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Philly Bike Expo and SRAM Present 2020 Inclusivity Scholarship Winners

Published June 17, 2020

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Supporting Women, People of Color and Transpeople in Framebuilding.

The Philly Bike Expo is excited to announce the winners of the 2020 PBE x SRAM Inclusivity Scholarship for Framebuilders.

The program is in its second year of supporting women, trans, and POC framebuilders who have been underrepresented at bike shows and in the industry at large. The four scholarship recipients will receive cooperative booth space at the 2020 Philly Bike Expo with their travel and accommodations covered. They will also receive a complete SRAM build for their show bike, and free shipping courtesy of BikeFlights.

About the Builders

Guy Stone / Relstone Cycles, Cincinnati, OH

Guy began building frames in 2016 after taking courses in TIG brazed frame construction. For the past four years, he has averaged about ten brazed steel frames per year, covering many styles.

Stone is very involved in his local riding community, providing volunteer accounting services to the Cincinnati Off-Road Association (CORA) including filing the organization’s tax returns, consulting and audit support. With his wife, Stone started a charity to make donations to individual trail stewards within the CORA system.

“I have a lifelong passion for cycling,” says Stone “I (also) have the deepest passion for serving veterans and those that have suffered a traumatic injury. Two-wheeled therapy is a positive outlet to promote healing and coping with injuries.”  Stone looks to the future in which he can donate a complete custom bike every year for a veteran or other individual who has suffered from a traumatic injury.

His long-term career goal is to acquire a larger frame shop with machine tools. Similar to his mentor Joe Bringheli, Stone would like to offer frame building tools and supplies in addition to bicycles.

“I hope that seeing an African American male participate in the Philly Bike Expo will inspire other people of color.”

Meet Mari Anzicek / Anzicek Fabrication, Detroit Michigan

Mari Anzicek is a bike mechanic who has begun to realize her dream of becoming a frame builder, studying welding at her local community college, and completing the UBI Framebuilding course. 

Anzicek teaches WTF-specific service classes at the bike shop where she works, and regularly looks to hire and train women bike mechanics. She is a voice of progressive policies of change both at work and in life- especially related to including more women and POC in the cycling community.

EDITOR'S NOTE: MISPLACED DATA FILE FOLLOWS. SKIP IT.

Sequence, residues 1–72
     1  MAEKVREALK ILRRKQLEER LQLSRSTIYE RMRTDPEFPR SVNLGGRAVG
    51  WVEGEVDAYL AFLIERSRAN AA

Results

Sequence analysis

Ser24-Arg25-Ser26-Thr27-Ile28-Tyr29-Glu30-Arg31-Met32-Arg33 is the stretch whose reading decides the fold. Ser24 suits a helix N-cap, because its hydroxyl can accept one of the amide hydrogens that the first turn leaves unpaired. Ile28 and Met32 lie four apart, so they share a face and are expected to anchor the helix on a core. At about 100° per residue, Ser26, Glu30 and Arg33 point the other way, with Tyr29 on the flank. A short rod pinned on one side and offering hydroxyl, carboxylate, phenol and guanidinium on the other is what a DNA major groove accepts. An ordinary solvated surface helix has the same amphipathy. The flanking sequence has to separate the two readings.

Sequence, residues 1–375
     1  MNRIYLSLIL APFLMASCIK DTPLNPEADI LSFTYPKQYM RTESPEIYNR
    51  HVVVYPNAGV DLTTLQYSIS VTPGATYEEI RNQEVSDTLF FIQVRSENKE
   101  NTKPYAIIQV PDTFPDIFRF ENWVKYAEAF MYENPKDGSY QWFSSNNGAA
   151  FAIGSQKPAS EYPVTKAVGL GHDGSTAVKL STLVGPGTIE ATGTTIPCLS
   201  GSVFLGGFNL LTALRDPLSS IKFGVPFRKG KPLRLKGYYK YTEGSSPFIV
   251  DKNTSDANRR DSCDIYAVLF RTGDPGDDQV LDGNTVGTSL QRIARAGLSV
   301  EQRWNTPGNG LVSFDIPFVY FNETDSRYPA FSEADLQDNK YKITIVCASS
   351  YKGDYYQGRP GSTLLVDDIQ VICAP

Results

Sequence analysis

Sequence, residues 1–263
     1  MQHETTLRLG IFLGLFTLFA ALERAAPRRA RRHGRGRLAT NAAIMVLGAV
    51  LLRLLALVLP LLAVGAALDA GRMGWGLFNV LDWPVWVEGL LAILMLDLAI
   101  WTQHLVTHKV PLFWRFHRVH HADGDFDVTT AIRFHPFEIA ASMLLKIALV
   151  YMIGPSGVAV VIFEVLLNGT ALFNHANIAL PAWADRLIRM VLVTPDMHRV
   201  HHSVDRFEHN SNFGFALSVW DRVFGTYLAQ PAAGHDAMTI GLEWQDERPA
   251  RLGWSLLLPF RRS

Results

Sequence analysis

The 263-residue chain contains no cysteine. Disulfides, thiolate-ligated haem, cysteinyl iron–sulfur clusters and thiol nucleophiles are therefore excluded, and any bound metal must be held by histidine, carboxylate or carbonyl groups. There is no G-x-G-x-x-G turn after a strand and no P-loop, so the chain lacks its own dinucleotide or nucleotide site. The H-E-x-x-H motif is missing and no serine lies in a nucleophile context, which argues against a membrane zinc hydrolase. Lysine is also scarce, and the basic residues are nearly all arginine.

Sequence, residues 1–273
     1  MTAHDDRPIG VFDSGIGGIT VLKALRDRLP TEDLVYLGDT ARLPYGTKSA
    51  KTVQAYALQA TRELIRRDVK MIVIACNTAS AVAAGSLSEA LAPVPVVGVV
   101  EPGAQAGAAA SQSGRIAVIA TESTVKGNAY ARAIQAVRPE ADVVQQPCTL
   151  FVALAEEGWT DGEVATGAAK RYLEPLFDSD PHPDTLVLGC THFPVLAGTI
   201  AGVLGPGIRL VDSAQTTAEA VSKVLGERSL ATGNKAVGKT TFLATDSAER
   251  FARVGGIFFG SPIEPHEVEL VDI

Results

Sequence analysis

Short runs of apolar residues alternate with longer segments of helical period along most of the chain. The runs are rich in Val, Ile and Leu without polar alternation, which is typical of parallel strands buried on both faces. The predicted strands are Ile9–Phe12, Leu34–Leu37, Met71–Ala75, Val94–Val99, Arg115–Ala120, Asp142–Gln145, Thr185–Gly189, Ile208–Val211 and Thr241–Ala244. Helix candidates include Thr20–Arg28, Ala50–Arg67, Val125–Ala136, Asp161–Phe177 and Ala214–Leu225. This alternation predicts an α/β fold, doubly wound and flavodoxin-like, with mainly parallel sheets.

Her goals include getting more practice designing and building bike frames with the long term goal of having a fully sustainable bike framebuilding business. “I am particularly interested in building bikes that serve the needs of the people in my community, including cargo bikes,” she says. “I have a strong passion to get more people on bikes, especially those underrepresented in the cycling community. My hope is to continue to grow my skills to better serve the people around me.” 

Caren Hartley / @isenworkshop Surrey, UK

Having built under her own name as well as for Saffron Frameworks and Rusby Cycles, Caren Hartley’s current focus at ISEN Workshop is on building bikes for smaller riders.

“We make sure to only use real womxn and smaller riders in our promotional photos and as our ambassadors, both showing womxn at work in our workshop and also as riders and racers.” says Hartley. She gives presentations at schools and colleges and volunteers at London Bike Kitchen's WaG (womxn and gendervariant) DIY Bike Maintenance Nights.

Caren is committed to showing smaller riders that cycling is for them too, and they can see themselves represented in the sport. “I have a lot of experience designing for smaller riders, so I understand well some of the problems and barriers to cycling they may face,“ she says. “Their experience of cycling is often so much poorer than their counterparts that fit larger-sized bikes. Small bikes are often so poorly designed that the riding experience they give is challenging and sometimes terrifying, but because a smaller rider has often never experienced a bike that fits them, they think the problem is with them.”

Beth Morford / @frontier_bikes, Eudora Kansas

A former Olympic Sports Massage Therapist turned bike shop owner, Morford is now adding frame builder to her resume. Having completed the Yamaguchi Frame Building School in ‘17 and apprenticing under Julie Pedalino, she continues to turn to Julie for mentorship and guidance. Morford leads urban WTF rides in her Eudora KS community, and hosts open shop nights at her bike shop free of charge for anyone who wants to tinker on their bikes.

“We adhere to the @wtfbikexplorers Industry Pledge at my shop and just in life in general,” says Morford. “I have the deepest passion for serving any and all womxn, adults and youth!”

She is excited to receive the PBExSRAM scholarship, saying  “It will help take the financial pressure off of me for my PBE build. Framebuilding is not a cheap hobby or career...I already own a brick and mortar bike shop, which is difficult enough to keep open on its own,” continuing, “Long-term, this scholarship will help me develop new and stronger relationships within the industry, which is invaluable in and of itself.”


The Philly Bike Expo is an annual weekend-long event featuring exhibitors, seminars, presentations and events representing the spectrum of cycling. Founded by Bilenky Cycle Works in 2010 as a way to promote cycling culture, the PBE has grown to one of the largest cycling trade shows in the US. Last year’s sold-out show hosted nearly 200 exhibitors and 5,000 attendees. PBE 2020 takes place November 14 & 15.

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